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How College Students Are Using Dialogue to Connect Across Differences: An Interview With BridgeUSA

Jessica Carpenter, Cambriae Lee|January 31, 2023

We sat down with Chief Marketing Officer at BridgeUSA Jessica Carpenter to talk about her organization's work to help students address campus conflict stemming from political divisions.

One of the five principles of constructive dialogue is to share your story and invite others to do the same. Can you tell us the story of BridgeUSA?

BridgeUSA was created in response to growing political division on college campuses. In 2017, Berkely experienced its largest protest since the 1960s when right-wing provocateur Milo Yiannopoulos came to speak on campus. The protestors set fires on campus and damaged property. After that, a few students on campus put together a session for other students to come talk about what happened – that ended up being the beginning of BridgeUSA at Berkeley. The hosting students, Manu Meel, Ross Irwin, and Jon Ampalloor, eventually came to lead BridgeUSA.

BridgeUSA has since grown to over 60 college and high school chapters across the country. Our goal is to facilitate constructive dialogue across lines of difference and teach students to work together to address problems our generation will inherit.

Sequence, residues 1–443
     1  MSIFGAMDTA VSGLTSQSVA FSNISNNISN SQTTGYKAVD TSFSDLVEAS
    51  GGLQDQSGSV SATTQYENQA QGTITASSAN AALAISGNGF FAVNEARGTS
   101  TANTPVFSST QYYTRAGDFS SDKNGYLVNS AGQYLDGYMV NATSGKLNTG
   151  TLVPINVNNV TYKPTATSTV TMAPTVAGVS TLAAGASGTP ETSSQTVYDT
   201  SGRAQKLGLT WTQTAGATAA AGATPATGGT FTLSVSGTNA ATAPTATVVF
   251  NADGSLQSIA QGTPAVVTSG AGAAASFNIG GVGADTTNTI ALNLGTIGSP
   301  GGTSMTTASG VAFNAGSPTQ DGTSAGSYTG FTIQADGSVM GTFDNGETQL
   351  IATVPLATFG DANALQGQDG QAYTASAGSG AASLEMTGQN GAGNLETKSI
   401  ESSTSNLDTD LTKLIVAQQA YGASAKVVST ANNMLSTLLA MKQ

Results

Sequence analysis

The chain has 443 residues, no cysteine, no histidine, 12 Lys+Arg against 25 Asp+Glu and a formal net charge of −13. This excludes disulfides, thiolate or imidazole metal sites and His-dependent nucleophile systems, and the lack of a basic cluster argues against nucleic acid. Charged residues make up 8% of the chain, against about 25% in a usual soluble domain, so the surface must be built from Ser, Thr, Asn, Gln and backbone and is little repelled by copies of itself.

What are some examples of the kinds of campus conflict students have to navigate, and how do your programs better equip them to address them?

Students today are faced with growing political tension not only on a national scale but also on their campuses. This division is preventing students across the political spectrum from sharing their views on campus or in classrooms and has made it harder for them to engage politically with their peers. BridgeUSA creates spaces on campus for students to come and listen to each other, share their thoughts on local and national issues, and engage with perspectives they may otherwise not be exposed to. The goal is to build a better understanding of one another and learn skills to help better engage despite disagreement.

BridgeUSA is a youth-led organization. Often there’s been a knock against Gen Z for being overly tribal, quick to “cancel," and unwilling to engage across differences (especially on social media). How important is it that young voices are helping lead solution-based initiatives to create more collaborative and understanding communities?

I think Gen Z has a different outlook on the world than previous generations. Not only have we become more politically engaged during a very polarized time in U.S. history, but the only action we’re seeing from our leaders is partisan legislation and finger-pointing between political opponents on social media. This doesn’t create a good example of leadership for the younger generation. Gen Z is also aware of the problems facing our communities and our country, and we’re quick to call out injustices, unfairness, and flaws in the system. So I think this all has made us more frustrated as a generation and unwilling to compromise on our beliefs.